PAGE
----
Setting Goals? The End Is the Beginning

setting goals the end is the beginning people jumping in celebration

By Dr. Jim Kirkpatrick and Wendy Kayser Kirkpatrick

Marisa sat at her desk for the first time in the new year and thought about her goals:

  1. Update the company’s leadership development program
  2. Address requests for less time spent in training
  3. Implement new learning software

“Where do I begin?”, she thought.

Remember, the end is the beginning.

The End is the Beginning

What do we mean by the phrase, the end is the beginning? The first step in achieving a goal is to define the highest level result you seek. The result is typically comprised of a number of smaller outcomes that each contribute to the ultimate result. Once the overall desired result and smaller outcomes are identified, work backwards to define what you need to do to accomplish the goal, and then what you need to learn or must have to do it.

Ultimately what you are doing is implementing The Kirkpatrick Model by using the four levels in reverse.

Goals Are Simple, But Not Easy

Nearly every goal-setting philosophy begins with defining a clear vision of the desired end result. While this may seem straightforward, determining a high-level end goal is not always intuitive. Often, people focus on their personal role or smaller outcomes in a larger project and mistake that for a goal or outcome.

In the world of training and development, many workplace learning professionals with the best of intentions embark on designing, developing, and delivering training programs without a clear vision of what is expected as a result of the program. There also is lack of clarity about what qualifies as a “result” of a training program. They mistake the program itself for an outcome when in reality it is something that needs to be done at Kirkpatrick Level 2 to enable the higher levels to occur.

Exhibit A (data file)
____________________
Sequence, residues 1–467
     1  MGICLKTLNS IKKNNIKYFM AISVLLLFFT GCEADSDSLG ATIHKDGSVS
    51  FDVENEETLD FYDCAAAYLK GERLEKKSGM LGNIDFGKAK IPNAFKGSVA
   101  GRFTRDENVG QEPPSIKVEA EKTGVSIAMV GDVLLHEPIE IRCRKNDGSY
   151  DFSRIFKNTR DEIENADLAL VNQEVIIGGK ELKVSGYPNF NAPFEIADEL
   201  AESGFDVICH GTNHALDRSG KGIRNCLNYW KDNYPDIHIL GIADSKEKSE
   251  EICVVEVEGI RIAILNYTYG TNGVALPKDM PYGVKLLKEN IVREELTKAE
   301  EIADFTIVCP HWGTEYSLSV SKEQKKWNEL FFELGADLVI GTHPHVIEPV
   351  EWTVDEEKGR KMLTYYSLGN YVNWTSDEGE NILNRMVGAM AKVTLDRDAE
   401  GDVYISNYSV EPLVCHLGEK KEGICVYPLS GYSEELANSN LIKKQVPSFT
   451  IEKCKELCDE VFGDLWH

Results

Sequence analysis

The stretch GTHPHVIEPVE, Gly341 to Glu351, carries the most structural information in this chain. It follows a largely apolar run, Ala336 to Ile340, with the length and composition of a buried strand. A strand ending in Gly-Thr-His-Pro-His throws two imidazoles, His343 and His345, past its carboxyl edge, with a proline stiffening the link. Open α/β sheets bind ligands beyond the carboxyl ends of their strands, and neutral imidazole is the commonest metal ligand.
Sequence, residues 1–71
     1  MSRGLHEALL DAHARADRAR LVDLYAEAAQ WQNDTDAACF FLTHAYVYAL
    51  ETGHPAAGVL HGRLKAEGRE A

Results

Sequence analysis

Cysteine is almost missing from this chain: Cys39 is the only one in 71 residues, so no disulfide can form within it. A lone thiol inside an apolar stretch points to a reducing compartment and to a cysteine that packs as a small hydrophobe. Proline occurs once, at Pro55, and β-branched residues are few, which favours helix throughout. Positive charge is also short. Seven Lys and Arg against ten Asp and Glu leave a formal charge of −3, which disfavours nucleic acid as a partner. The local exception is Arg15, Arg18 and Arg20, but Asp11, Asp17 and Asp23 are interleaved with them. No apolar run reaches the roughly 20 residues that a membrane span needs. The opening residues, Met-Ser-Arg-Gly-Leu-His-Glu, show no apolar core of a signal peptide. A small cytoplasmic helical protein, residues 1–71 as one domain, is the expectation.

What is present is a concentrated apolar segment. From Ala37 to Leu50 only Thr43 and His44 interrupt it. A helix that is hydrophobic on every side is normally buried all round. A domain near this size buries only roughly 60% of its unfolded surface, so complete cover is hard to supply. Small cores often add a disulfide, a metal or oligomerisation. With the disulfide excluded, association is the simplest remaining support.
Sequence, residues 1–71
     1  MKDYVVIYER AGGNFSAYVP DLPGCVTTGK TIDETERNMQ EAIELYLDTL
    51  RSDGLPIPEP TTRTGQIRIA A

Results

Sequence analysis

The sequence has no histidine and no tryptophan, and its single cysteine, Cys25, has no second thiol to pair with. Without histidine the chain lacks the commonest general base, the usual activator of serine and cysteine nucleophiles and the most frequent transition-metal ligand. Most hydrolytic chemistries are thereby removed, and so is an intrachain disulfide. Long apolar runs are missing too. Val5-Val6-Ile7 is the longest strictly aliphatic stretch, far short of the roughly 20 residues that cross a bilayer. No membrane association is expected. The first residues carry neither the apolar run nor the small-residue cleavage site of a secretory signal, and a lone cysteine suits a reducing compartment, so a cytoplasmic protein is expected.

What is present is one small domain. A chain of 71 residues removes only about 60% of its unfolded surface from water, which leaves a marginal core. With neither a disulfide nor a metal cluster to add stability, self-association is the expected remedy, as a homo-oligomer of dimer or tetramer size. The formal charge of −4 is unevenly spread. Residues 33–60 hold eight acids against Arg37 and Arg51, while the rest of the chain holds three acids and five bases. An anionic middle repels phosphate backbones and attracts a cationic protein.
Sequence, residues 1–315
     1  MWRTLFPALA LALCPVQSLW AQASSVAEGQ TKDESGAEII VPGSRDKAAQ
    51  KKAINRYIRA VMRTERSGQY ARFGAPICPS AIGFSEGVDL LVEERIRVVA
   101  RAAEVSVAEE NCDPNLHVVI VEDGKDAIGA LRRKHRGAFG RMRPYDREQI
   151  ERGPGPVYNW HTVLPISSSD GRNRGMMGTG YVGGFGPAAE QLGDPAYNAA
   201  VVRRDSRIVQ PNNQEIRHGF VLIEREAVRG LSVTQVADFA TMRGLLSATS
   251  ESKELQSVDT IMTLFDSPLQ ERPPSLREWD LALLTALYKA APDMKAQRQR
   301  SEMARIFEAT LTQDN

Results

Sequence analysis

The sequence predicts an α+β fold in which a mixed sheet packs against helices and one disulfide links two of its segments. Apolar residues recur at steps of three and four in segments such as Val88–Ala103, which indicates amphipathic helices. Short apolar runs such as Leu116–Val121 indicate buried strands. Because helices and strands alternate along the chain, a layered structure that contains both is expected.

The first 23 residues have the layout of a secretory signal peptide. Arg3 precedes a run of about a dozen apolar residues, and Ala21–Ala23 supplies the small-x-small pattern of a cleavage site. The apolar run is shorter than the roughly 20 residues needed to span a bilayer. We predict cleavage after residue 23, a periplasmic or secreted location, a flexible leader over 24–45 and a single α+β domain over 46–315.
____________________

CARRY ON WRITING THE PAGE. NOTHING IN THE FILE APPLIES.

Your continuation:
Start with Level 4 Results

To achieve maximum organizational impact, the result should lie at the strategic level for the entire company. Examples include increased sales or profitability in a for-profit company and accomplishment of the organization’s mission for a government or not-for-profit organization.

Organizational missions can range from saving lives and protecting citizens to keeping the water supply clean. Tying a training initiative to the organizational mission means that training is only one of myriad tactics that affect results. This makes it costly and mathematically impossible to isolate the impact of the training program alone on the organizational results attained.

Use ROE to Show Value

The most practical and effective way to show the value of an initiative is through return on expectations (ROE). ROE is what a successful training initiative delivers to key business stakeholders to demonstrate the degree to which their expectations have been satisfied. When done properly, it cannot fail. This is because it is built on a platform of business partnership and agreement from start to finish.

The steps to achieving ROE are based on the Kirkpatrick Model for evaluating training programs with the four levels used in reverse:

1. Focus on the organizational mission (Kirkpatrick Level 4: Results)

2. Identify leading indicators

3. Define critical behaviors (Kirkpatrick Level 3: Behavior)

4. Determine required drivers.

5. Design learning (Kirkpatrick Level 2: Learning)

6. Monitor and adjust

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